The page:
Crystal Village's original miniature church (photo: Kurtis Kristianson-SPL)

Crystal Village in Pincher Creek

By Tracy Hyatt

Long before fiber-optic cables and cell towers, there were telegraph and telephone lines connected by tall wooden poles. These poles were topped with glass insulators to prevent the loss of electrical current. But as technology advanced, the poles—and insulators—were taken down. Pincher Creek’s last telephone poles were uprooted in the early 1970s, right around the time area resident Boss Zoeteman decided to build his granddaughter a backyard playhouse.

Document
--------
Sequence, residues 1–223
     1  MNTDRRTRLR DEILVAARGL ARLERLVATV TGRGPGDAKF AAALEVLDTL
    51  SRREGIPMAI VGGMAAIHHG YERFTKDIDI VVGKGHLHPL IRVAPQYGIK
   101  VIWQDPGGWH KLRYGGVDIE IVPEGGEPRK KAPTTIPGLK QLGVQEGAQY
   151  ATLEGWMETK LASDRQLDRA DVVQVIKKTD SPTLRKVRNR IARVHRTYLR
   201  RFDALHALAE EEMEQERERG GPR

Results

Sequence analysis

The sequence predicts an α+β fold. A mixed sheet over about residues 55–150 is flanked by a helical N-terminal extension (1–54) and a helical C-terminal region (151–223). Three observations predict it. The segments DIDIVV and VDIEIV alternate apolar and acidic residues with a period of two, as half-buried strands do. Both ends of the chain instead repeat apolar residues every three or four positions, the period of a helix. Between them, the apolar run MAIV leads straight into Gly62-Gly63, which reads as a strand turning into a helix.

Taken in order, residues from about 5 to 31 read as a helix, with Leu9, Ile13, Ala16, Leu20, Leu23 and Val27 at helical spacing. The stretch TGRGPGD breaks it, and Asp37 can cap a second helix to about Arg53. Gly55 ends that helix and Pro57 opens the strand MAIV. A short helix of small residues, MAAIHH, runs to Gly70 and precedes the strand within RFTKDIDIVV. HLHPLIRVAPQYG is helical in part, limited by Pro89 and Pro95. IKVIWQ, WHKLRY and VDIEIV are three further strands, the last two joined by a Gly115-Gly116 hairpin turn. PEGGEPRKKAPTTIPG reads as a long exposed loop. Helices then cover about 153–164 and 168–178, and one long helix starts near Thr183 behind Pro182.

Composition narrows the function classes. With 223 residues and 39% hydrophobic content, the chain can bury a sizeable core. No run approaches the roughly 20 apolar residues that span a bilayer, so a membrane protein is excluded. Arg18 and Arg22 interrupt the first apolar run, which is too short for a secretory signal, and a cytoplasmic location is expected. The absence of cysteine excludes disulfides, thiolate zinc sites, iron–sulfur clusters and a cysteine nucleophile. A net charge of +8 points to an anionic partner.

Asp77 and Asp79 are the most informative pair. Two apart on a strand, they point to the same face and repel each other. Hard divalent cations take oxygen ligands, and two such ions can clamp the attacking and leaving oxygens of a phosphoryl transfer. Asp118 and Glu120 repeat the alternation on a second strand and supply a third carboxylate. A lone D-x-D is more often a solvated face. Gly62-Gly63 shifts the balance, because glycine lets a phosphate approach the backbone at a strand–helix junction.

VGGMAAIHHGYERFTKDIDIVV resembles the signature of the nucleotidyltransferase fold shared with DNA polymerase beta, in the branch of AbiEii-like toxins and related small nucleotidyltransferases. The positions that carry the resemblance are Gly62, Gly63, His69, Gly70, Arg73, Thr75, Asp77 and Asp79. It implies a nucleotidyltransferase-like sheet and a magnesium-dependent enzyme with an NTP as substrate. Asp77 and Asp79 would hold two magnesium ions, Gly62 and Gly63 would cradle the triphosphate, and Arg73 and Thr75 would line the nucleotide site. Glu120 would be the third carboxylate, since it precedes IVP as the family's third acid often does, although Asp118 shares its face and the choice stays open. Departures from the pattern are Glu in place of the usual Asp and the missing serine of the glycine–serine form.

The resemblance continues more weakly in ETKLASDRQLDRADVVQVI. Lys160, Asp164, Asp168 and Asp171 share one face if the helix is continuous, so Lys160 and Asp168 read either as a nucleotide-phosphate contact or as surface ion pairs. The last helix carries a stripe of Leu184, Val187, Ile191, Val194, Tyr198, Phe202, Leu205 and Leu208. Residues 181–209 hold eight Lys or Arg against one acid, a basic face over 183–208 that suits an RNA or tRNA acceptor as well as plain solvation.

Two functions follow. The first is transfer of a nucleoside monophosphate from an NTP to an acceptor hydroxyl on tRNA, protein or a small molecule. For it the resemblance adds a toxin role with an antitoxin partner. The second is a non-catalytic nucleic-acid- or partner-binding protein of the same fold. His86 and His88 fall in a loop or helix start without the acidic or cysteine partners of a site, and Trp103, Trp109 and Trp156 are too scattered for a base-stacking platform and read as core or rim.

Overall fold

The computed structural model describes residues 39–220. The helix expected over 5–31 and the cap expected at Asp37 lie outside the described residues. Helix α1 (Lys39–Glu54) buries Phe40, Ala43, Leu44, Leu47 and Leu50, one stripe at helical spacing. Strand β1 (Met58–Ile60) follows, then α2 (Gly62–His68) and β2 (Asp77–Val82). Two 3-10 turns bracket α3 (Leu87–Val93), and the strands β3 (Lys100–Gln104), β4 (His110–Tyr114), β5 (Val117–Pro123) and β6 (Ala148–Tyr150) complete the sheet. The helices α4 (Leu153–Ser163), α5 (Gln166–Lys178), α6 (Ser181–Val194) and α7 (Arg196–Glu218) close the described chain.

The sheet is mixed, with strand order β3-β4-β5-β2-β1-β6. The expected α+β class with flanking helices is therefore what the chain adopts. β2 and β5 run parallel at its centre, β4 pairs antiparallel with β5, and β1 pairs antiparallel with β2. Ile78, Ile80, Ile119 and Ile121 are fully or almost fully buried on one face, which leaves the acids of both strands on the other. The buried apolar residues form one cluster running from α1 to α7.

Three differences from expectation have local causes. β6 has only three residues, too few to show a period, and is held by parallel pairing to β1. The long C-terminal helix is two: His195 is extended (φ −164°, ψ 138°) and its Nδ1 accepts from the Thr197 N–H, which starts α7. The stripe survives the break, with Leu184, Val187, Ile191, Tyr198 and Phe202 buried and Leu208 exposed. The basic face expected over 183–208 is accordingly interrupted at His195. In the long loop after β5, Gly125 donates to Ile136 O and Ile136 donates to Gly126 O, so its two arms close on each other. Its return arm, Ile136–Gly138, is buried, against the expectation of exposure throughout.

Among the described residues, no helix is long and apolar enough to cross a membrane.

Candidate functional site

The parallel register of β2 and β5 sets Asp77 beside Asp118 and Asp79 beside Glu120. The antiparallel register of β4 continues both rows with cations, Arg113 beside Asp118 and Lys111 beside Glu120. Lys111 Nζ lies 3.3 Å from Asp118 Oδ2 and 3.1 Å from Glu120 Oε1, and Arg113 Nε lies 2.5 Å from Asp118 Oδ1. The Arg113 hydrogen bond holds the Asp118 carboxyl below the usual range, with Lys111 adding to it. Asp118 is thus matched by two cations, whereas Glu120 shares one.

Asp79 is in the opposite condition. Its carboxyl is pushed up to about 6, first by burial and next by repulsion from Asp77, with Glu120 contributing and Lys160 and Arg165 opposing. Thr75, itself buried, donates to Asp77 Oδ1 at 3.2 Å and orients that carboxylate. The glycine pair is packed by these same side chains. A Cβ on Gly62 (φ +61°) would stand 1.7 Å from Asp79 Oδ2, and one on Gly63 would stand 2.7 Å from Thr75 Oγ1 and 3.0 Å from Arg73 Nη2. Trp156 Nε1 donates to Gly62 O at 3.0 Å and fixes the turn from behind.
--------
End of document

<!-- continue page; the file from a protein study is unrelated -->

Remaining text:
No ordinary structure, it was a chapel made with 5,500 colourful glass insulators that Zoeteman had collected. Inside it had pews for a make-believe congregation and a pulpit for an imaginary preacher. A glass-bulb schoolhouse, coal shed and warehouse soon followed. Zoeteman crafted 13 small-scale buildings before his death in 1989. His Crystal Village can now be explored at Heritage Acres, an outdoor farming museum in the Pincher Creek area.